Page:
In 2010, France’s AfT reached €1.28bn, making it one of the biggest bilateral donors of AfT – a trend which is expected to continue in the near future. Geographically, French priorities are Sub-Saharan Africa and countries bordering the Mediterranean Sea, and then all the poorest countries and regions that have strong trading connections with France.
A substantial share of French AfT is implemented by AFD through projects aimed at reinforcing regional integration in various sectors (agriculture; tourism, banking sector, port facilities, energy…) and through the French programme specifically dedicated to export development: the Trade Capacity Building Programme (PRCC − Programme de renforcement des capacités commerciales). The PRCC was launched in 2002 and renewed for a further three years in 2009 with funding of €30 million, it is a flagship programme of the French Government’s trade-related assistance interventions.
France also contributes to AfT through multilateral channels, most particularly the EU (through EDF contribution), World Bank (via the replenishment of IDA resources) and the African Development Bank (contribution to the African Development Fund).
France is committed to reinforce the coordination and the complementarities of interventions among donors. In this spirit, and in Least Developed Countries, France works in the framework of the Enhanced Integrated Framework (€1 million a year for the periods 2009 – 2011 and 2012-2014). France’s AfT projects also contribute to the implementation of action plans from the Diagnostic Trade Integration Studies (DTIS).
France also supports the Doha Development Fund which finances WTO technical assistance and training to facilitate the integration of developing countries into the multilateral trading system (€1 million a year for the periods 2009 – 2011 and 2012-2014).
It also participates to the financing of some of the IMF Regional Technical Assistance Training Centres, and focuses most notably on two African Regional Technical Assistance Centres (AFRITAC): one in West Africa (UEMOA+ Guinea, Mauritania and Ghana); one in Central Africa.
For more information: http://www.afd.fr/jahia/webdav/site/afd/users/administrateur/public/publications/AFD-Aide-au-commerce.pdf)
Principal official agency responsible for TCB assistance to developing countries
Agence Française de Développement (AFD)
French Agency for Development
5, rue Roland Barthes
F-75598 PARIS Cedex 12
Tel: + 33 15 344 3131
Fax: + 33 14 487 9939
French Agency for Development (AFD): AFD supports projects with economic or social impacts in both the public and private sectors: infrastructure and financial systems, urban and rural development, and education and health. It operates today in over 60 developing countries and in all France’s Overseas Departments through a wide range of financial instruments that underwrite its activities: grants, subsidies, guarantees, loans, equity shareholdings, co-financing and local bank intermediation and market condition loans. It also contributes, in collaboration with its supervisory authorities, to public policy design and to France’s influence in the development world. AFD commits, in all its activities, to promoting the Millennium Development Goals, including economic growth, poverty reduction and sustainable development.
For more information: http://www.afd.fr/jahia/Jahia/lang/en/home/Qui-Sommes-Nous
Other government and official agencies with responsibilities directly relevant to TCB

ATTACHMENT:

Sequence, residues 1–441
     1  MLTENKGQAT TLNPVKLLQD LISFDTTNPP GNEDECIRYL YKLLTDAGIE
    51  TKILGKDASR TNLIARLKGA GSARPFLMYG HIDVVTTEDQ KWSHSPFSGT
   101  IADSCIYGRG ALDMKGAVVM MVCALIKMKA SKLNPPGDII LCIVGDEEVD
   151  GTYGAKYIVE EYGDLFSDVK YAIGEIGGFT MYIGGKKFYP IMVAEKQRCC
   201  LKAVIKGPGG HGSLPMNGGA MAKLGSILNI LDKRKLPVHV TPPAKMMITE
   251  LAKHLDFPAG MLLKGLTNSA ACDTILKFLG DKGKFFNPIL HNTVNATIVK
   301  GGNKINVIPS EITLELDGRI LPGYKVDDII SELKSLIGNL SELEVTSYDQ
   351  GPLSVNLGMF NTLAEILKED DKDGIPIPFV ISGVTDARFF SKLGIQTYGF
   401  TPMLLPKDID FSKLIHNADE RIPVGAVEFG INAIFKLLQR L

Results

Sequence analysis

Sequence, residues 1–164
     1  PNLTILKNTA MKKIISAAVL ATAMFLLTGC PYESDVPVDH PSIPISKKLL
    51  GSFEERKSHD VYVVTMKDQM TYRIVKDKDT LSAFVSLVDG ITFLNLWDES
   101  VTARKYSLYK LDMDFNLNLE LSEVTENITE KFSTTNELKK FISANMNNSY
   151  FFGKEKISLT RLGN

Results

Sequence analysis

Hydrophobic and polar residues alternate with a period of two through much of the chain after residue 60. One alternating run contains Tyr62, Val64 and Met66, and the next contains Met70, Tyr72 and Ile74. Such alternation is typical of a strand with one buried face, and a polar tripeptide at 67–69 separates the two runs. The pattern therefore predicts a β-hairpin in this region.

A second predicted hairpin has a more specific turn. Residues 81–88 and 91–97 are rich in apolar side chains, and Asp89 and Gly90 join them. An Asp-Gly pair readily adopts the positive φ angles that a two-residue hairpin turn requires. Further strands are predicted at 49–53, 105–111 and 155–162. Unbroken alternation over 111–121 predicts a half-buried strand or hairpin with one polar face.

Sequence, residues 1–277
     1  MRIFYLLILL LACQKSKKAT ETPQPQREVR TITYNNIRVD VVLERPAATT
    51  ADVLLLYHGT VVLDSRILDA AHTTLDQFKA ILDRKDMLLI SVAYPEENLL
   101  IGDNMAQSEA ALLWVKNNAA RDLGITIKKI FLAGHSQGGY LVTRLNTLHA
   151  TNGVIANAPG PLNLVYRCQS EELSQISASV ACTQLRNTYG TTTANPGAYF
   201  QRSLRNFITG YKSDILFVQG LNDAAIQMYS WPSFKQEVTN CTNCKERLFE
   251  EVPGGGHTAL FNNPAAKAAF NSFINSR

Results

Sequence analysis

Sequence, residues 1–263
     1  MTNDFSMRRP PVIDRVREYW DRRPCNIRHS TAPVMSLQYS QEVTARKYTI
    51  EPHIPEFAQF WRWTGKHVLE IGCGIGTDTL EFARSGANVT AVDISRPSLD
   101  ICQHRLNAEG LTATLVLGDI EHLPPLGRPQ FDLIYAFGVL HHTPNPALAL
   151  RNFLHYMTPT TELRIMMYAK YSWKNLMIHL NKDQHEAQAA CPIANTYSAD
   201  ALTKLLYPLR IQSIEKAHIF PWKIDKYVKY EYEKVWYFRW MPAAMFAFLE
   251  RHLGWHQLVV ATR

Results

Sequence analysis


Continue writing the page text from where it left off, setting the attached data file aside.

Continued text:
The Ministry of Foreign and European Affairs (Paris)
Directorate-General of Global Affairs, Development and Partnerships
27, rue de la Convention
F-75732 Paris Cedex 15
Tel (33) (0)1 43 17 64 60
Contact Point: Melissa Dalleau (firstname.lastname@example.org)
The Ministry of Foreign and European Affairs (MAE):
The missions of the MAE are to:
- Summarize information on the changing global economy and put it into perspective, prepare decisions on the French government’s foreign policy;
- Draft France’s foreign policy;
- Coordinate France’s international relations
- Protect French interests abroad and assist French nationals outside France.
The creation of the Directorate-General of Global Affairs, Development and Partnerships (DGM) in April 2008 as part of the reform of the Ministry, enables diplomacy to anticipate, identify and respond to the challenges of globalization more effectively. The MAEE is notably in charge of defining and implementing development aid strategy, of which Aid for Trade is one component. Through the DGM, it aims to help foster a better regulated and more supportive global economy and to adapt the priorities of French development co-operation to the new international context. In addition to its leadership role in defining Aid for Trade, the MAE directly participates with financial support (FSP, operational credits) and by providing technical assistance to public administrations in the developing countries and to international organisations. The MAE is the main supervisory authority of the AFD.
For more information: http://www.diplomatie.gouv.fr/
The Ministry of Economy and Finance (Paris)
Ministry of Foreign Trade
Address: 139, rue de Bercy
F-75572 Paris Cedex 12
Contact Point: Emmanuel Viaud (Emmanuel.email@example.com)
The Ministry of Economy and Finance and the Ministry of Foreign Trade is responsible for multilateral finance issues (debt, monetary cooperation) and are one of the supervisory authorities of the AFD. They are responsible for Development Banks and certain thematic funds, and manage around 10% of French bilateral ODA. Its Directorate-General of the Treasury is the key department responsible for development cooperation, and for multilateral and bilateral economic, financial and international issues. It covers the economic, monetary and development cooperation dimensions with partner states as well as trade and development issues. Its mandate goes well beyond the scope of ODA; it links the financial and fiscal approach with ODA.
For more information: http://www.tresor.economie.gouv.fr
Other official or government trade-related organizations